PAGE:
When you switch to aperture priority mode, it does exactly what it says on the tin. The exposure gives priority over the aperture setting, and then shutter speed adjusts according to that.

100MP? Nope – the Hasselblad X1D II 50C

is a $5,750 refresh of the 50MP original

After the tantalizing tease of "the next chapter in Hasselblad history," the company has announced the Hasselblad X1D II 50C – surprisingly, a light refresh of the original 50-megapixel X1D, but at a shockingly low price of £5,400 / $5,750.

Most were expecting that the company would unveil a 100MP monster to rival the Fujifilm GFX 100 – and many predicted that the new camera would actually use the same 102-megapixel Sony IMX 461 medium format image sensor.

Instead, the Hasselblad X1D II 50C sticks with the 50MP medium format CMOS sensor of its predecessor "to keep medium format photography portable with its compact build."

It's not without a hint of irony that the promotional video for the X1D II makes the statement, "When image quality is everything, bigger is better."

Once 500PX “Photoshop Master” Now Facing Discipline for “Photomanipulation” from 500PX Moderators

Michael Karcz (above) is about to be banned from the 500PX community. His account will likely be deleted. All based on what the 500PX moderators deem to be “non-photographic content” on his page.

Michael Karcz is a well-respected photographer on 500PX. He is known for his fantasy-style images, which involved extensive use of Photoshop to create alternate realities. He has garnered thousands of followers and millions of views.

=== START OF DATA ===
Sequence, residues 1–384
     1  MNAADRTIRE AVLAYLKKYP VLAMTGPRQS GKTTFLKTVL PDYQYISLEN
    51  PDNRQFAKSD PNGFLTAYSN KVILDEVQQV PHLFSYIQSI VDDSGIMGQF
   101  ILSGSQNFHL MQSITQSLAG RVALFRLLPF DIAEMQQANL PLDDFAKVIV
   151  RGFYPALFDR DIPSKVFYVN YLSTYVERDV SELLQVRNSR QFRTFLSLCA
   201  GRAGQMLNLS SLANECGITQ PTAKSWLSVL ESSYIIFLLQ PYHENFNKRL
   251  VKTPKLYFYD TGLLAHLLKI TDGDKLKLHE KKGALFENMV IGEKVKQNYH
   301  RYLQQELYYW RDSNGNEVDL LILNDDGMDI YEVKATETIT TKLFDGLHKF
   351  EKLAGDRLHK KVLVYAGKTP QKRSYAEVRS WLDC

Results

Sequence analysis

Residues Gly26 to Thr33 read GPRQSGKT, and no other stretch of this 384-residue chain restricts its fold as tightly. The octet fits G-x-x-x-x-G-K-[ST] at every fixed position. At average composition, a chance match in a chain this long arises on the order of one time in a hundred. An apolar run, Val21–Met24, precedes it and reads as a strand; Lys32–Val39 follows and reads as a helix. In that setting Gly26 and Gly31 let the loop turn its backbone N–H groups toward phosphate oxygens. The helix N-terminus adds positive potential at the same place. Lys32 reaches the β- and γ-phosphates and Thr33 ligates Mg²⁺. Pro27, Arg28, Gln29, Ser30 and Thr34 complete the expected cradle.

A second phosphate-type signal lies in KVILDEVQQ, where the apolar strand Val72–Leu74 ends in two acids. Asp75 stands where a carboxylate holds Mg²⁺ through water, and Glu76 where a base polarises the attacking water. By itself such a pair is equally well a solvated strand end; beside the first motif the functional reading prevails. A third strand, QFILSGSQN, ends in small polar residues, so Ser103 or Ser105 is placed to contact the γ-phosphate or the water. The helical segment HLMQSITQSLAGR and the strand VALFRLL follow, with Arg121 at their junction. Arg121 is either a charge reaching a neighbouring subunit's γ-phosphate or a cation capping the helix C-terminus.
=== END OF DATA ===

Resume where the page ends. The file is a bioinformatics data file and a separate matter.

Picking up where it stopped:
And in an article published four years back, 500PX heaped praise on Karcz, referring to him as a “Photoshop master” with “formidable Photoshop skills.”
What changed?

8 Summer Outdoor Portrait Tips

For Photography Newbies

Camera Choices
If you have one, use an interchangeable lens camera but compact users shouldn't think this means they can't shoot good portraits. Select Portrait Mode as this will tell the camera you want to use a wider aperture to throw the background out of focus. It also helps if you use the telephoto end of the zoom, just keep the camera steady as shake can be emphasised when working closer to your subject.
Lens Options
You want to throw the background out of focus and using a telephoto lens will make this job easier. A telephoto lens also creates a more flattering perspective.

Should I Use A Tripod?
Longer lenses may create a more pleasant and natural looking portrait but when you're working hand-held shake can be a problem. To combat this, don't let your shutter speed value drop lower than your focal length when working hand-held or just put your camera on a tripod.

Printing Card